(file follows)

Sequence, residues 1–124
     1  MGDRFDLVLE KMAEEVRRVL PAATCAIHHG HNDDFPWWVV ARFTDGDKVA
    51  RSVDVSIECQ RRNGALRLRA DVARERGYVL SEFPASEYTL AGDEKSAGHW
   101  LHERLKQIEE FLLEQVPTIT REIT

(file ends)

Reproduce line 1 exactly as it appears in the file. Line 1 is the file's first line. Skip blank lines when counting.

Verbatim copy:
Sequence, residues 1–124